The exterior of each bone is made up of protein and minerals that help give the bone its firmness; its interior, on the other hand, contains a marrow cavity responsible for producing red blood cells.

There are lots of magical pieces making up this unique physique.

Here is a list of the different feline body parts taken from Wikipedia that reference a diagram you can view on their site here.

Interesting Bone Structure Facts

1. Tail Bones (Caudal Vertebrae)

Cats have an incredibly flexible tail, made possible by their specialized tail vertebrae. Unlike humans, cats possess numerous caudal vertebrae, allowing their tail to move gracefully and maintain balance while navigating various environments.

2. Elbow and Knee Structures

Cats have a backward-facing elbow and a knee joint that bends similarly. This design allows them to easily crouch and jump, utilizing their powerful hind legs for swift movements during hunting or play.

3. Floating Collarbone (Clavicle)

While humans have collarbones connected to the shoulder girdle, a cat’s collarbone is a unique structure. This free-floating clavicle contributes to their exceptional flexibility, enhancing their ability to squeeze through narrow spaces effortlessly.

4. Bones in the Ear

The feline ear is an incredible piece of engineering. Cats have 32 muscles in each ear, aiding in precise movement. They also have specialized bones within the ear, enhancing their acute hearing abilities and enabling them to detect the faintest of sounds.

5. Diverse Skull Structure

The shape of a cat’s skull is adapted for hunting. Their short, wide skulls accommodate powerful jaw muscles, equipped with sharp teeth designed for grasping and tearing prey. Additionally, their unique jaw structure allows for a wider gape, assisting in biting and holding onto their catch.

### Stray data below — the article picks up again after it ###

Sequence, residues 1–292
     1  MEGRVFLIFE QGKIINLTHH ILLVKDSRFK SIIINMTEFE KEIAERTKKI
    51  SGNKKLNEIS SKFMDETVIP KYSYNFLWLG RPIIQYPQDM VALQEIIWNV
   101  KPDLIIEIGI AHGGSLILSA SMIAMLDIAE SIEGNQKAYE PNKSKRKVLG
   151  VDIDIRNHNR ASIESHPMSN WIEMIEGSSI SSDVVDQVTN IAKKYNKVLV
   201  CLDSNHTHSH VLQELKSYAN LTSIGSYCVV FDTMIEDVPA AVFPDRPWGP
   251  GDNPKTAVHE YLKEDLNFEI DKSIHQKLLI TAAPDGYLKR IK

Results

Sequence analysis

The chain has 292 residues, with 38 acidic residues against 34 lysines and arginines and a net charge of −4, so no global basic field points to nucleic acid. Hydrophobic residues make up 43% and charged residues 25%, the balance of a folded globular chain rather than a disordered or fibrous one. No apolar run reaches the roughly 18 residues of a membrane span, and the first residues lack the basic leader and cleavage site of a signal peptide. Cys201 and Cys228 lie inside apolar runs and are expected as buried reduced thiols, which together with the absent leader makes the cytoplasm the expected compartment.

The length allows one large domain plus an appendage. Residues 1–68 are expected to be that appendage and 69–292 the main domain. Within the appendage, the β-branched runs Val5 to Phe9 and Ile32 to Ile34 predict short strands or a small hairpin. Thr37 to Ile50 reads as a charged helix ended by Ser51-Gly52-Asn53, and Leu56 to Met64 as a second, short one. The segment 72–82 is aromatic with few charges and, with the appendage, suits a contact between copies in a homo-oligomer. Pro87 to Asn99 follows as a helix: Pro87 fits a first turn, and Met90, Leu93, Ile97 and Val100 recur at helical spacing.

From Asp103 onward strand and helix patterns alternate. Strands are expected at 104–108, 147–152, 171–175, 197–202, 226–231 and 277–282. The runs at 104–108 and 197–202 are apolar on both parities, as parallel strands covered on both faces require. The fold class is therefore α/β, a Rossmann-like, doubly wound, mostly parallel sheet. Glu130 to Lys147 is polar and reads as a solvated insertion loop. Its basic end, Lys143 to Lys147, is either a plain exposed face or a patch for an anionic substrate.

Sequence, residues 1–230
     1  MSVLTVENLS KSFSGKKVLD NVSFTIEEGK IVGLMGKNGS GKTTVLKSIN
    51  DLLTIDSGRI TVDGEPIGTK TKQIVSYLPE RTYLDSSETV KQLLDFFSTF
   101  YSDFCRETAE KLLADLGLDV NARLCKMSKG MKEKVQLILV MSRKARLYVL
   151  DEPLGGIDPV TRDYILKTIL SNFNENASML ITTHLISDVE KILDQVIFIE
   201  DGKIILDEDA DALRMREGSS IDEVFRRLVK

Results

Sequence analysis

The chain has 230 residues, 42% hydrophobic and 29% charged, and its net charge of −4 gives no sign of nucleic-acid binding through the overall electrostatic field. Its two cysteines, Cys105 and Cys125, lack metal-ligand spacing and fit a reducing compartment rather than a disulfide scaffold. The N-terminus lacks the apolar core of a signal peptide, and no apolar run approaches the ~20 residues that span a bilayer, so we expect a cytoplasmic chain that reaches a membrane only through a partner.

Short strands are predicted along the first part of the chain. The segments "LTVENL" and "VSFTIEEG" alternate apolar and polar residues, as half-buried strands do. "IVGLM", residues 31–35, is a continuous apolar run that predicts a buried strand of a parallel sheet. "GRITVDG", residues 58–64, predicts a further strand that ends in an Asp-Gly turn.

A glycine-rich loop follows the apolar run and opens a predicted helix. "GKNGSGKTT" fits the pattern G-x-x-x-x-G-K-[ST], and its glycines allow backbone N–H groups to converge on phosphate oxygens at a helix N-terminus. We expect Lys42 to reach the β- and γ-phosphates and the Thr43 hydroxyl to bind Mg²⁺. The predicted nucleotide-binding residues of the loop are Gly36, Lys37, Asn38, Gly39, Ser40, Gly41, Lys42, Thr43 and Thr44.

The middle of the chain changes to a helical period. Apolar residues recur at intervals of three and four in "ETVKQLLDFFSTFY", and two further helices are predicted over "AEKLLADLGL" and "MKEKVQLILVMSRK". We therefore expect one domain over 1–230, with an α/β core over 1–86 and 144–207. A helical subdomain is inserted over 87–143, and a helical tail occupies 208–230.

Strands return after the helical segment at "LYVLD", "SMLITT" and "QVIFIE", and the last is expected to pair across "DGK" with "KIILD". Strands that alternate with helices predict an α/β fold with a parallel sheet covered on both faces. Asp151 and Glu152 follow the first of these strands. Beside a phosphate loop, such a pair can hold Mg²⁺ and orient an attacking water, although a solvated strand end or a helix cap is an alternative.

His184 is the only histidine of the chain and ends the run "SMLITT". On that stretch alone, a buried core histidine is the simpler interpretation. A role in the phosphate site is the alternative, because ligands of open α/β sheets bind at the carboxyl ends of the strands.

What Type Of Skeletal System Does A Cat Have?

cat-anatomy

A cat skeletal system comprises five main parts: the skull, spinal column, ribs, forelegs, and hind legs. These are compromised of various bones, including but not limited to short and long bones. 

Cat Body Parts – Skull

The tiny skull of the cat is attached to the vertebral column, as is the case with other mammals, and it contains air-filled sockets, also known as sinuses.

There are two sinuses within a cat’s skull – the frontal sinus and the maxillary sinus.

The eyes socket within the head is large enough to contain the enormous eyes of a cat. Also located in the skull of a cat are its teeth.

An average adult cat has 30 teeth. The cat isn’t your average carnivore as it comes built with 12 incisors, four canines, four molars and ten premolars – all made perfect for devouring flesh.

Cat Body Parts – Spinal Column

The spinal column of a household cat comprises five areas: the cervical, thoracic, lumbar, sacral, and caudal regions. Though there are seven cervical vertebrae, the first two are the most popular: Atlas and Axis. 

A cat’s tail is an extension of the spinal column and contains 10 percent of a cat’s body bones, this is known as the caudal vertebrae. The cat’s incredible tail helps keep it balanced when climbing, running or jumping.

The way a cat’s spinal column is built is what makes the cat very flexible and gives it the ability to arch its back in a “U” like shape. The flexible nature of a cat’s backbone also helps it orient itself as it falls to the ground. This why cats never land on their backs.

Cat Body Parts – Ribs

Cat has a total of thirteen pairs of ribs. Its upper ribs are connected to the thoracic region, while its lower ribs are attached to the breastbone and sternum. The ribs alongside the spine and sternum make up the thorax within a cat containing its heart and lungs. 

Cats are known to be built with floating clavicles and compressible rib cages. This makes it easy for them to squeeze into tiny spaces.

Cat Leg Anatomy

Cat leg anatomy is quite interesting. A feline’s foreleg bones are made up of the scapular, radius, humerus, ulna, metacarpus, wrist bones, and digits; its hind legs, on the other hand, consist of the pelvis, patella, femur, calcaneum, fibula, tibia, tarsus, metatarsus and phalanges. 

Also, it is essential to note that the cat is a digitigrade animal – what this means is that the cat’s heels never come in contact with the ground.